The Great Canadian Mailbox Heist

Posted by scruss on 7 October 2016 in English (English)

Dropping off a letter in the mailbox at the end of the street, I noticed this sticker was attached: Mailbox, aka node 551077710 So that means by the middle of the month my leisurely 400 metre round trip to post letters is going to be over a kilometre, either to Mailbox: Node 705233932 or to the suggested Mailbox: Node 4433576259.

I looked around on the map for more amenity=post_box nodes around me, and found coverage was patchy. Local mapper andrewpmk has done some sterling work adding mailboxes, but there are some neighbourhoods even he can’t find time to go into. But there has to be a definitive list of mailbox locations in Canada, somewhere, right?

Wrong: Canada Post does not publish mailbox locations. There’s no way of finding a list or map on their website, and Canada Post confirmed to me that “we do not have a map for street letter boxes”. So it looks like we’re the only people mapping them, unless there’s a list I can get via an Access to Information (Freedom of Information) request.

2017-01-04: Update: disappointingly but unsurprisingly, they refused.

Location: Scarborough Southwest, Toronto, Peel, Golden Horseshoe, Ontario, Canada

Comment from Jedrzej Pelka on 8 October 2016 at 20:47

Same for Polish Post, it seems they don’t know themselves where their postboxes are :)

Comment from Warin61 on 8 October 2016 at 22:11

If they don’t know where they are .. how can they be sure they are being cleared?

They may not have a map.. but they will have a list … probably by street address. Might be possible to have that released - copyright free?

Comment from SK53 on 9 October 2016 at 10:58

We have had along saga about this in the UK, and we are just now beginning to lose post boxes.

Edward Betts obtained a list of post boxes from the Royal Mail back when it was a government body and subject to FOI requests. Then Matthew Somerville of OpenSociety (dracos) built a tool comparing that data to OSM. More recently Robert Whittaker created Post hoc for tracking the mapping of post boxes.

@Jedrzej Pelka : my solitary contribution to Polish post boxes!

Comment from scruss on 9 October 2016 at 16:21

Good to know. Canada Post is still a government body (a “Crown Corporation”). They haven’t been very good about open data, entering a lawsuit against (now settled on unknown terms).

I think I’ll try the “polite request” approach first before going for a full-on FOI request (if we even have the ability to FOI in Canada). Most Canadian Crown Corps are bound by cost-recovery requirements, so this might cost me.

Comment from Warin61 on 9 October 2016 at 22:14

Cost? Put it to them that they and their customers will have access to a free map of their post boxes if they provide the data (free). If they were to provide the same service it would cost them.

Are the post offices mapped? Then they could use OSM instead of Google … and have their post boxes on it too.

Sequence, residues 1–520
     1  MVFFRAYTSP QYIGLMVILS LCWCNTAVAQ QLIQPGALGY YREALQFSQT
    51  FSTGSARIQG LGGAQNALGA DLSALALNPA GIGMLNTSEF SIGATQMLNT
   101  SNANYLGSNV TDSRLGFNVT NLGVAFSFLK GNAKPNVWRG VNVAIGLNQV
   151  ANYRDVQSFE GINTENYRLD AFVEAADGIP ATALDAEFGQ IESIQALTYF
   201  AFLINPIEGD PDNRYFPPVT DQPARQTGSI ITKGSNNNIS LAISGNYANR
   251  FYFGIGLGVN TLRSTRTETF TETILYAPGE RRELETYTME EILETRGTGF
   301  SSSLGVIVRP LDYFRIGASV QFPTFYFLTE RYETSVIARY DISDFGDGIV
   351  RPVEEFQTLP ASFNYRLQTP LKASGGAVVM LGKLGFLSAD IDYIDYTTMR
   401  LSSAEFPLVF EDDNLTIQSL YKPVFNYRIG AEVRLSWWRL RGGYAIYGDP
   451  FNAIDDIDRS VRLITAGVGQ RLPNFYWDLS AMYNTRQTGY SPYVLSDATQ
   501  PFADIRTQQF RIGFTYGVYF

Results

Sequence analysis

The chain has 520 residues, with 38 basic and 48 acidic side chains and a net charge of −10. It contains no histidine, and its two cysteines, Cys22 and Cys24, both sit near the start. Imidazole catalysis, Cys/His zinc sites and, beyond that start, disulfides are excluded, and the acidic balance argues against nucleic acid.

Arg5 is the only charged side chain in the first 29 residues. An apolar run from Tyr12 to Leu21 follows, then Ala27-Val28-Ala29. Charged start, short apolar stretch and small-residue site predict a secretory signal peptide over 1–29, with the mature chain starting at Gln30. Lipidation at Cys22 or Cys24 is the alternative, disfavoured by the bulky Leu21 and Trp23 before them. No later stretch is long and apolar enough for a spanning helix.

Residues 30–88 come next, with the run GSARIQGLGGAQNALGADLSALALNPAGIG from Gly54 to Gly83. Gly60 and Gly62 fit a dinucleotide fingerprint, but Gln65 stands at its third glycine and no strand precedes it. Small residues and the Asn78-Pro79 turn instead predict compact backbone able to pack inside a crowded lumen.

Comment from scruss on 11 October 2016 at 13:11

That might be the sensible thing to do, but they do have a cost recovery mandate, so anything that incurs costs will likely need an internal business plan.

Comment from scruss on 11 October 2016 at 14:56

(further update: I’ve just sent an ATI request to Canada Post. I’ll keep you all, um, posted …)

Comment from scruss on 3 November 2016 at 02:25

Had a call from the Manager, Access to Information and Privacy at Canada Post this morning. It seems that most rural mailboxes are documented as human-friendly addresses, and not geocoded. I’ve agreed that my request should be limited to:

Please provide all current geographic locations in the region of GTA for public (outgoing) mailboxes. Canada Post does not provide this information on its website. Please use a suitable computer-readable format, as I intend to add these locations to OpenStreetMap.

Comment from scruss on 4 January 2017 at 19:09

… and I finally hear their decision: they refused.

The gist of it is that they feel that disclosing mailbox locations would:

  1. provide commercial advantage to Canada Post’s competitors; and
  2. be a disclosure of Canada Post’s confidential information.

I’m frankly O_o about these reasons. I mean: mailboxes are bright red things left out in the street in highly visible locations so that you can find them to use Canada Post’s delivery service. How could they be confidential? Not even the Underpants Gnomes could come up a business plan to drive Canada Post out of business by mailing things. Sheesh.

I can appeal, and I will. I suspect the real reason is that Canada Post just doesn’t want to go to the bother of opening data.

Comment from scruss on 23 July 2019 at 20:17

… and wouldn’t you know: after lots of pressure from the Office of the Information Commissioner, Canada Post caved and sent me the information!

Now, it’s not particularly useful as they don’t hold geodata. It’s also printed: so yay, 80 pages of OCR. But getting anything out of Canada Post is apparently very difficult. I hugely appreciate the efforts of the investigator at the OIC who kept pushing this request through.

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